It seems grotesquely unfair, but some of the wealthiest countries in the world, those most responsible for historic greenhouse gas emissions, will enjoy an economic benefit from moderate temperature increases, while the hardest hit will be developing countries—those least able to afford it.
That is the conclusion of an investigation by the International Monetary Fund (IMF) exploring the historical relationship between climate change and economic output in its latest biannual World Economic Outlook released in September.
The IMF analyzed patterns across 180 countries over the past 65 years, identifying the scale of economic impact on a country-by-country basis under a one-degree change scenario. Similar research was published two years ago in Nature that had found that in regions with already hot climates, often low-income countries, any rise in average temperature lowered per capita output over the long term. That paper received wide coverage at the time, as the researchers had in effect found the “optimum” temperature for economic growth. Productivity peaks when a country’s average temperature is 13C. Above or below this temperature, national economic performance declines rapidly.
In the IMF’s outlook, a one-degree increase in a country with average annual temperatures of 25C, such as Bangladesh or Haiti, results in a reduction of per capita output by up to 1.5 percent, a hit that continues for at least seven years. Without global efforts to minimize climate change, the projected temperature increase slices off about a tenth of the per capita output of an average low-income country by 2100.
Almost 60 percent of the world’s population lives in countries that will experience deleterious economic effects. By the end of the century, that number will climb to over 75 percent. This is a result of lower agricultural output and reduced worker productivity from thermal stress effects on physical and cognitive performance of works, which diminishes return on investment.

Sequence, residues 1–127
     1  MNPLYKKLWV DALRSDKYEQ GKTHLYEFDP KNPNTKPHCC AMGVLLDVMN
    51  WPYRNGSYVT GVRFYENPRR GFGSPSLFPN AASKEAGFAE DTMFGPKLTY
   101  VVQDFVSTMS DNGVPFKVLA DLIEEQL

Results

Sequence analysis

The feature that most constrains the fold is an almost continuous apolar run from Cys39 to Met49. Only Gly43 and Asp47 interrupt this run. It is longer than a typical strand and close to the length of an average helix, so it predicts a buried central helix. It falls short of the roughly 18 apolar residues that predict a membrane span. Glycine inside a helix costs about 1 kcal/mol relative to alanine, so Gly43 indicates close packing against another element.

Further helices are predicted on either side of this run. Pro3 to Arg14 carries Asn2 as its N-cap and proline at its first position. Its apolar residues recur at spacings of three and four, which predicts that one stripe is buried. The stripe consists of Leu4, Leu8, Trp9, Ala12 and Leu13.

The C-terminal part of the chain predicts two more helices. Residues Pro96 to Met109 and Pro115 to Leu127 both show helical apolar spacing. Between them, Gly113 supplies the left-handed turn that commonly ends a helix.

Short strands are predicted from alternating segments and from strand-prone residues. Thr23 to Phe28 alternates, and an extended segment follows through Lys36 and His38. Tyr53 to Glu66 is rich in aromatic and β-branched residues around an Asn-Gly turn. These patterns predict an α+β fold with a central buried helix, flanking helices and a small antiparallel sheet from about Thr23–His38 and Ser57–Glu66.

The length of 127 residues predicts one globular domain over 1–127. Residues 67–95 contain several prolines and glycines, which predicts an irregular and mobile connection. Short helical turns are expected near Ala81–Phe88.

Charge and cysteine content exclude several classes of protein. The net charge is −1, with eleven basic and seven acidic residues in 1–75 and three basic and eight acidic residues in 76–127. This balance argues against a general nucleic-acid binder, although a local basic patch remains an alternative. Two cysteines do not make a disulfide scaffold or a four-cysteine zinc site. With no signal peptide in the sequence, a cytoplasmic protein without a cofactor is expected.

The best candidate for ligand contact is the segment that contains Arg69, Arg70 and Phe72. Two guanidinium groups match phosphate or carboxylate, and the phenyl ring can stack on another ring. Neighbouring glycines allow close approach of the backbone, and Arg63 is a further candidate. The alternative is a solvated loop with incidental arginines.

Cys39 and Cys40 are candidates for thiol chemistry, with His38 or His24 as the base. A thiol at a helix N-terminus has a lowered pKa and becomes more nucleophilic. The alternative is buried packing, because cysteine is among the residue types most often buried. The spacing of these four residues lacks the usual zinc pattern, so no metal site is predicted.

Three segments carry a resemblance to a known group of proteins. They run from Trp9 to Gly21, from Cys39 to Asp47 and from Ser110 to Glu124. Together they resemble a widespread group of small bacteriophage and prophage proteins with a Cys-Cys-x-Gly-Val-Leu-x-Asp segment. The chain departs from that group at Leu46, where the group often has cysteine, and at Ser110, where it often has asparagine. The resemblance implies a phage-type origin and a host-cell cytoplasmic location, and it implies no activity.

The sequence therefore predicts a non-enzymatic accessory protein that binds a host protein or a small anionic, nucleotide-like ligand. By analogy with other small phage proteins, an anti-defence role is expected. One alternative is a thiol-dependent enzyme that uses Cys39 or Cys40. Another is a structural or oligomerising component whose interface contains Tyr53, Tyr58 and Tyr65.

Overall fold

But some wealthy countries such as the US, the UK, Japan and those of central Europe will see an economic benefit—a slight gain in per capital GDP— from a one-degree increase, as will emerging economy China, albeit a negligible one. This is because being further away from the equator already, they are currently on the colder side of that 13C goldilocks temperature sweet spot. Northerly countries such as Canada, Russia and Scandinavia see a substantial boost. Canada will enjoy an uptick of 0.78 percent per capita GDP, Norway 0.82 and Russia 0.83.
The IMF authors argue that rich countries still need to step up their climate mitigation and adaptation efforts. The boost only occurs for moderate temperature increases, and does not take into account the impact of destabilization and poorer economic performance in the global south. In addition, while they find that domestic policies such as smart infrastructure and technologies such as air conditioning ameliorate the situation up to a point (humid but wealthy Singapore being an example of this), for most low-income countries the cost of this will be a challenge, thus wealthy countries must make greater efforts to financially support such adaptation.
Energy economist Mark Jaccard helped design BC’s carbon tax, and he still supports it. But he questions just how politically viable a stringent tax—at the level needed to meet climate targets—can really be. So he also continues to explore how other policies that the public find more acceptable could work.